Sunday, January 29, 2012

An intellectual arms race

From time to time I do some reading in the more technical areas of philosophy (like epistemology or the philosophy of logic) where topics like truth and objectivity are dealt with in what appears to be an intellectually rigorous way. It all looks and feels very scientific, and of course various formal logical and mathematical systems are employed.

I am attracted to this sort of thing, but I keep pulling back from committing myself to it mainly because I keep finding apologists for religion amongst the ranks of philosophers and logicians. (The latest one I stumbled upon was Bas van Fraassen, a distinguished philosophical logician and a Roman Catholic.)

Of course not all logicians and philosophers have a religious or metaphysical agenda, but I tend to think that the whole structure of the discipline is dependent on these people, not because without them there would be fewer philosophers (that's another issue), but because they - the religious ones - are actually setting the agenda.

My suggestion is that if a group of intelligent secularists set out to deal with questions of truth and objectivity they would not feel compelled to elaborate the daunting intellectual theories which fill the bookshelves and the scholarly journals and which help to justify the continued existence of a profession devoted exclusively to these matters.

But, when you have a significant number of religiously-inclined thinkers involved, a kind of intellectual arms race ensues, with the sad, and ultimately truth-obscuring, results we have before us.

Of course, I am making the assumption that religious doctrines are false, but that's an assumption the truth of which I see no reason to doubt.


  1. I think your assumption is not merely that religion is false but that it is a form of insanity. Otherwise, how could it be so corrupting?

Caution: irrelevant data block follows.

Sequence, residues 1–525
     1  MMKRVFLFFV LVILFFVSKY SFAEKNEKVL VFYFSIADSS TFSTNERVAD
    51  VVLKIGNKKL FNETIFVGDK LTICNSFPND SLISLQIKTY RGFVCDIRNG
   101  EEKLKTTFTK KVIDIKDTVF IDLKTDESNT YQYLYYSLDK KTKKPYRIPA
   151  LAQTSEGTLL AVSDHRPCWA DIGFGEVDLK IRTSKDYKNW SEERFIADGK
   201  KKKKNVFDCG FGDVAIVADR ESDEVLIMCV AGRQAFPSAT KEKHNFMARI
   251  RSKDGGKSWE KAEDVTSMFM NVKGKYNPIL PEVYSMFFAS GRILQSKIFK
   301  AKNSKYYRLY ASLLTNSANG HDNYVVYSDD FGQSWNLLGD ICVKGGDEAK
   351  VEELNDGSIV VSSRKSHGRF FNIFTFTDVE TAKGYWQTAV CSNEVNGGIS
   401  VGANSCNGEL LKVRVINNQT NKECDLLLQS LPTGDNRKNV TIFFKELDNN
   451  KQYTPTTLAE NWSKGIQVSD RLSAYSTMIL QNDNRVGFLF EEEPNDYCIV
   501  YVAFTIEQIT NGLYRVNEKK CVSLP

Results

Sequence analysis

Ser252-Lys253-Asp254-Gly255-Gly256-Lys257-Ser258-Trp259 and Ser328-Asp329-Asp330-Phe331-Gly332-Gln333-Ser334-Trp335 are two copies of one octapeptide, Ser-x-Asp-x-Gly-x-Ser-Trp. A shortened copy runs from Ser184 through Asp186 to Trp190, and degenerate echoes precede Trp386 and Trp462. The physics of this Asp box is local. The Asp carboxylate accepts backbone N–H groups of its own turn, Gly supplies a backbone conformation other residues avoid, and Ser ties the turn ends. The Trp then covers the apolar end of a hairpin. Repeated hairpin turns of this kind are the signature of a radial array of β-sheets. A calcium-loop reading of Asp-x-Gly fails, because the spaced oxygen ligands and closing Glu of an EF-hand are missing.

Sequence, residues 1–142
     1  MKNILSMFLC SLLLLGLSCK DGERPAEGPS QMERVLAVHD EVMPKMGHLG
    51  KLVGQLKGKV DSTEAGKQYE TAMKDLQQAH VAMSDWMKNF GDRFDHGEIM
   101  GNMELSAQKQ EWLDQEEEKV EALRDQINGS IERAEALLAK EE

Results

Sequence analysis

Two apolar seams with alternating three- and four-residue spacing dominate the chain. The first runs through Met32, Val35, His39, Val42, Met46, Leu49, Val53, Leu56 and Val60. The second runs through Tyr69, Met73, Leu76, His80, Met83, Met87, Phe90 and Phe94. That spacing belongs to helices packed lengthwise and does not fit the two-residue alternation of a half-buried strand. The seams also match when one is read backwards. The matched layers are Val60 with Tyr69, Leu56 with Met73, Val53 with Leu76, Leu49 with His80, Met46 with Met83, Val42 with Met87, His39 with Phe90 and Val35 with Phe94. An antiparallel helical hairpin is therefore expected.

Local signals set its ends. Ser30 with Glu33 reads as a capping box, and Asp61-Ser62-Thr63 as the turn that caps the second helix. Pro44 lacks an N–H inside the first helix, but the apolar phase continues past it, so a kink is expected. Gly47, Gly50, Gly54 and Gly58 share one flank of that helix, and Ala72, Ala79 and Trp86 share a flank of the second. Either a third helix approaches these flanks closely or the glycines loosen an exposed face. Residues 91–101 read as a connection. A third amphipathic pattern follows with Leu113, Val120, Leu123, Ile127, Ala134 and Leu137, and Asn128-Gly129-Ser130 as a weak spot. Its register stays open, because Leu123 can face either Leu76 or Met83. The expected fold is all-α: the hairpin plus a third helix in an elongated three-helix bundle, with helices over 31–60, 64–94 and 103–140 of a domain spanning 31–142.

My experience is different: that people with religious commitments are commonly not much different from the rest of us. Neither better nor worse.

  2. Alan, I really don't see how you can get that from what I am saying here! Of course religion is not a form of insanity, and I personally tend to find religious people particularly congenial.

    The religious influence on philosophy is not corrupting, but my point is that philosophy as a discipline is in a sense dependent on religion (or at least on a certain kind of more-than-scientific view of the world). If one has such a view, philosophy is fine, worthwhile, important, etc. But if one lacks such a view (if one is a physicalist, say) then one may not see the discipline as it exists as one which is - how shall I put it? - necessary.

  3. I really thought you would reply that of course religion is a form of insanity -- how could I doubt it?

    Seems I am misreading you badly!

  4. The vast majority of philosophers are naturalists. I'm not sure where you're getting the idea that 'Philosophy as a discipline is dependent on religion'.

    From the survey @

    Accept or lean toward: theism 136 / 931 (14.6%)

    Philosophers who are theist are, unlike the rest of the public, vastly outnumbered by their naturalist brethren.

    1. I wasn't claiming there are more religiously-inclined philosophers than non-religious ones, just that there is a significant number of religiously-inclined philosophers and they (through the cultural and intellectual traditions they represent) in effect set much of the philosophical agenda. I see it as an historical thing. Academic philosophy grew, in effect, out of medieval divinity schools and modern science grew out of philosophy. I don't see philosophy as a (single) discipline anyway. To me it lacks a center, a core. Metaphysics used to be that core.

      The survey is interesting. I think you can see evidence there of certain moral and metaphysical tendencies which, while not specifically religious, are quite compatible with religious views.